In the Journals

Riociguat fails to improve outcomes in idiopathic interstitial pneumonia-associated pulmonary hypertension: RISE-IIP

Among patients with idiopathic interstitial pneumonia-associated pulmonary hypertension, treatment with riociguat was linked to an increase in adverse events with no significant evidence of benefit, according to the RISE-IIP trial.

In fact, the international, multicenter, double-blind, randomized, placebo-controlled phase 2b trial was terminated early due to a higher incidence of deaths, serious adverse events and adverse event-related drug discontinuations in patients treated with riociguat (Adempas, Bayer) vs. placebo, researchers wrote in The Lancet Respiratory Medicine.

During the main study, most patients in the riociguat (65 of 73 patients) and placebo (64 of 74 patients) groups experienced an adverse event. The most common adverse events included peripheral edema (22% in the riociguat group vs. 9% in the placebo) and diarrhea (15% vs. 9%). Notably, serious adverse events were more common in the riociguat group than in the placebo group (37% vs. 23%), including worsening of interstitial lung disease (8% vs. 7%) and pneumonia (5% vs. 1%). Study discontinuation due to the frequency of adverse events was also more common in the riociguat group than in the placebo group (15% vs. 4%).

During a long-term, open-label extension phase in which all patients switched to riociguat after 26 weeks, adverse events leading to study discontinuation occurred more often in patients switching from placebo to riociguat (11% vs. 3%).

Also during the main study, 11 patients died, including three in the placebo group and eight in the riociguat group. During the long-term extension phase, nine patients who had received riociguat including eight in the former placebo group and one in the riociguat group died.

In terms of efficacy, the researchers observed no improvements in 6-minute walk distance at 26 weeks with riociguat when compared with placebo.

The study, which was terminated after a median of 157 days, enrolled patients aged 18 to 80 years who had idiopathic interstitial pneumonia, an FVC of at least 45%, a 6-minute walk distance of 150 m to 450 m, were WHO functional class II to IV and had precapillary pulmonary hypertension, systolic blood pressure of at least 95 mm Hg and no signs of hypotension. Patients in the riociguat group underwent a 10-week dose adjustment phase during which they received the drug in doses from 0.5 mg to 2.5 mg three times daily in 0.5 mg increments based on clinical signs and measurements followed by a 16-week maintenance phase.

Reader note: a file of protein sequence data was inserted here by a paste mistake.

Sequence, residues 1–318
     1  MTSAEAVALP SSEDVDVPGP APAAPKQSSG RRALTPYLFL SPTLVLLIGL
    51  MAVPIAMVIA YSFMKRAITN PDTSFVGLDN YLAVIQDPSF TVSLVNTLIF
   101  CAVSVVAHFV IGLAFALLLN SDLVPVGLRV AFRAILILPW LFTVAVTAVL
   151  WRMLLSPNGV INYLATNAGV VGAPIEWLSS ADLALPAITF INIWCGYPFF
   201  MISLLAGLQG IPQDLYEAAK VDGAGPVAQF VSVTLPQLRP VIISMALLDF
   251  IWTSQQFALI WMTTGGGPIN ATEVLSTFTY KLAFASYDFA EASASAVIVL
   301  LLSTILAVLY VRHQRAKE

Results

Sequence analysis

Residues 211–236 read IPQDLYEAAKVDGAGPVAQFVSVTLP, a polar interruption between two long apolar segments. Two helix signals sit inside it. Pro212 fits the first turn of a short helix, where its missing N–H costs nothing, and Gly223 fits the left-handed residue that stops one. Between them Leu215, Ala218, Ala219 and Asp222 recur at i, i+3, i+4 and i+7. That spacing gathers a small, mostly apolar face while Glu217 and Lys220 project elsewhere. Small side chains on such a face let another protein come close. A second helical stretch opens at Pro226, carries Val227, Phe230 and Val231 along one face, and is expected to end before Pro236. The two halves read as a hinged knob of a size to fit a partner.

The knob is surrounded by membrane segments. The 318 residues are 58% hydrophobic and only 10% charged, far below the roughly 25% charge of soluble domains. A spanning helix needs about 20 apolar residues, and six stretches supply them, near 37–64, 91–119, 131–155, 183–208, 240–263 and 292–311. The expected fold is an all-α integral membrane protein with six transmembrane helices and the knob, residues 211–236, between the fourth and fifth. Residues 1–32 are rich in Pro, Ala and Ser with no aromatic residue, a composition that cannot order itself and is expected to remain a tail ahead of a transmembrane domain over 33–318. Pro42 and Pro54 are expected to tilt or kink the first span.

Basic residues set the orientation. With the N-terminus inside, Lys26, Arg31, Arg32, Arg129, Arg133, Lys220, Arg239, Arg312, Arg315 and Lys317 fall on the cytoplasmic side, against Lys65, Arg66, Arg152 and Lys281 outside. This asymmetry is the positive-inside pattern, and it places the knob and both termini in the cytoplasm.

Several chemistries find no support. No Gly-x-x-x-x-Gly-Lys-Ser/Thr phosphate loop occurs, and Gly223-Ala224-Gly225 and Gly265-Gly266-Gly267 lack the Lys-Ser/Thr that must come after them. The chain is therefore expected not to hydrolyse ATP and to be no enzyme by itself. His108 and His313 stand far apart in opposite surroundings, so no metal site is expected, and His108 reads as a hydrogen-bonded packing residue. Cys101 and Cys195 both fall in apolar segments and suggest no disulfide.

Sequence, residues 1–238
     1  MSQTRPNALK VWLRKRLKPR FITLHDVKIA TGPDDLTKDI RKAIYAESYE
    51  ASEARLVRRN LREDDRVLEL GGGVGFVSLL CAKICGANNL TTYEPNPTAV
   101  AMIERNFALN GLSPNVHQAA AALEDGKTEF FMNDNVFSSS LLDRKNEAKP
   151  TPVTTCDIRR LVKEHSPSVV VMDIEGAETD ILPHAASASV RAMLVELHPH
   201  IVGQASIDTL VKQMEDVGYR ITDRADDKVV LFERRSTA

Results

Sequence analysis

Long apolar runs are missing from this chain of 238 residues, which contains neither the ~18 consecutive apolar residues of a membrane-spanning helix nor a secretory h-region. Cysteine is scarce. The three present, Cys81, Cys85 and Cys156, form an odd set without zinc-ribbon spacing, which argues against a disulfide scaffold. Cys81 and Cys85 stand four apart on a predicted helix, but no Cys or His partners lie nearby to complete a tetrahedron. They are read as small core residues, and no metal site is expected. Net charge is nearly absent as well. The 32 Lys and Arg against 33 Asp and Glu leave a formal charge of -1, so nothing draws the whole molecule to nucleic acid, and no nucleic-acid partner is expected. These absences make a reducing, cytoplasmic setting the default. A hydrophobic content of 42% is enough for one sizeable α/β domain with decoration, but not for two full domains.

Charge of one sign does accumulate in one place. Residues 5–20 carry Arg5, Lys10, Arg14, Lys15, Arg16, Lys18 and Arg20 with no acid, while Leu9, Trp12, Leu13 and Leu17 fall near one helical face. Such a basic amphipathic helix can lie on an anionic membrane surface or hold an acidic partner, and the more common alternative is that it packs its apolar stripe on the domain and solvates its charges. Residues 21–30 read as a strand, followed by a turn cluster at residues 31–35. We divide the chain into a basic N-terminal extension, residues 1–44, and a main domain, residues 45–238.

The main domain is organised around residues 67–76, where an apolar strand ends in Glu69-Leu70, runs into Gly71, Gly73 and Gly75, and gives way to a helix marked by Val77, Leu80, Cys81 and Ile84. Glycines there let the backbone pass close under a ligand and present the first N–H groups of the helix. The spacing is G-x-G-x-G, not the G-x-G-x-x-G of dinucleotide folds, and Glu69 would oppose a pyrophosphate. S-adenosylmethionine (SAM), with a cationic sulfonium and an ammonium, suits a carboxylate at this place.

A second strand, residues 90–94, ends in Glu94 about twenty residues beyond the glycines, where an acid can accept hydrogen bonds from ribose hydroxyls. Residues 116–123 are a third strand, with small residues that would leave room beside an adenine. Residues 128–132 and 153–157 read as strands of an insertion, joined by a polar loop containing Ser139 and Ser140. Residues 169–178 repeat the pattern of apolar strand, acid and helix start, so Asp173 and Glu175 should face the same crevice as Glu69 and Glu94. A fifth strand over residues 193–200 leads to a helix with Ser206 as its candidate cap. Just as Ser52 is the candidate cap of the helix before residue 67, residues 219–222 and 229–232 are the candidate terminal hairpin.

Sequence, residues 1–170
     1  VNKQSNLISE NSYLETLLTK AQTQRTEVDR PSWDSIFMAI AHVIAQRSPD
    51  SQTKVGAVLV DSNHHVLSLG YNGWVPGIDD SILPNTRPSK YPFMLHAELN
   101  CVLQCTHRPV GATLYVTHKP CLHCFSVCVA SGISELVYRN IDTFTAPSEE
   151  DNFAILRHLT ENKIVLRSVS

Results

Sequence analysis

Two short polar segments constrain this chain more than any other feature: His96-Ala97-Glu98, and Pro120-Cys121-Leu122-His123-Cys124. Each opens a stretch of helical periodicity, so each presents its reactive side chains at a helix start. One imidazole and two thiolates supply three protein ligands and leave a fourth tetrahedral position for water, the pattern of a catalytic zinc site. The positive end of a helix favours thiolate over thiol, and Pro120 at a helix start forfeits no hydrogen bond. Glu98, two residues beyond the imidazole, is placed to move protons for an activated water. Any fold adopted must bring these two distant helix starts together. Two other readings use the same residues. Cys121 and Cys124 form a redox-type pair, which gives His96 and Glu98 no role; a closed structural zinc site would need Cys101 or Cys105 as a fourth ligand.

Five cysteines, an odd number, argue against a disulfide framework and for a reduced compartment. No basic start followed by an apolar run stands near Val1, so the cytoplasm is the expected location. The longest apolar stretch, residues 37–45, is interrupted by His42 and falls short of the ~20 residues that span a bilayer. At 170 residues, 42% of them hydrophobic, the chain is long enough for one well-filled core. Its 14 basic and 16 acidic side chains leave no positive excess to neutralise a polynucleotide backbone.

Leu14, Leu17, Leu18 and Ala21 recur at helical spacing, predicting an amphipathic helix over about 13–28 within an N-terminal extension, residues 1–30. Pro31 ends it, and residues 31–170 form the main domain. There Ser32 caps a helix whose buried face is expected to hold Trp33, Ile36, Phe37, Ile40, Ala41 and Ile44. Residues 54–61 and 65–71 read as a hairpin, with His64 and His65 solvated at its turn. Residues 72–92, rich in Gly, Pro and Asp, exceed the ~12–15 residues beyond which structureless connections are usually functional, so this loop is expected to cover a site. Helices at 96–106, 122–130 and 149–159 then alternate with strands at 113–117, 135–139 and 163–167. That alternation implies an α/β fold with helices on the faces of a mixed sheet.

In an accompanying editorial, Keith C. Meyer, MD, from the department of medicine at the University of Wisconsin School of Medicine and Public Health in Madison, noted that the lack of efficacy and the unfavorable risk-benefit profile of riociguat may not be surprising, even after accounting for some of the study’s limitations.

“Although enrolling participants with differing idiopathic interstitial pneumonia diagnoses and potentially failing to exclude a substantial number of patients with combined pulmonary fibrosis and emphysema and extensive emphysema might have represented an Achilles’ heel for this investigation, I suspect that benefit would not have been shown even in a population that consisted entirely of patients with idiopathic pulmonary fibrosis without a combined pulmonary fibrosis and emphysema phenotype,” Meyer wrote.

“Considering the track record of vasoactive agents approved for the treatment of pulmonary arterial hypertension that have been evaluated in clinical trials for fibrotic interstitial lung disease complicated by pulmonary hypertension, one could suggest that if a clinician is tempted to treat such a patient with a vasoactive agent, Hippocrates’ advice, ‘First do no harm,’ should come to mind.” – by Melissa Foster

Disclosures: The study was funded by Bayer AG and Merck. Nathan reports he has received consultant fees from Bayer and Inova Fairfax Hospital received research funding for work pertaining to the RISE-IIP study. Please see the study for all other authors’ relevant financial disclosures. Meyer reports he has received grants from the NIH, Genentech/Roche, InterMune, Parion, Nivalis, Promedior, Biogen and Galapagos.

Editor's note: The headline of this article was updated on Sept. 17, 2019, to specify that the study evaluated the effects of riociguat in patients with idiopathic interstitial pneumonia-associated pulmonary hypertension, not pneumonia-associated hypertension. The Editors regret the error.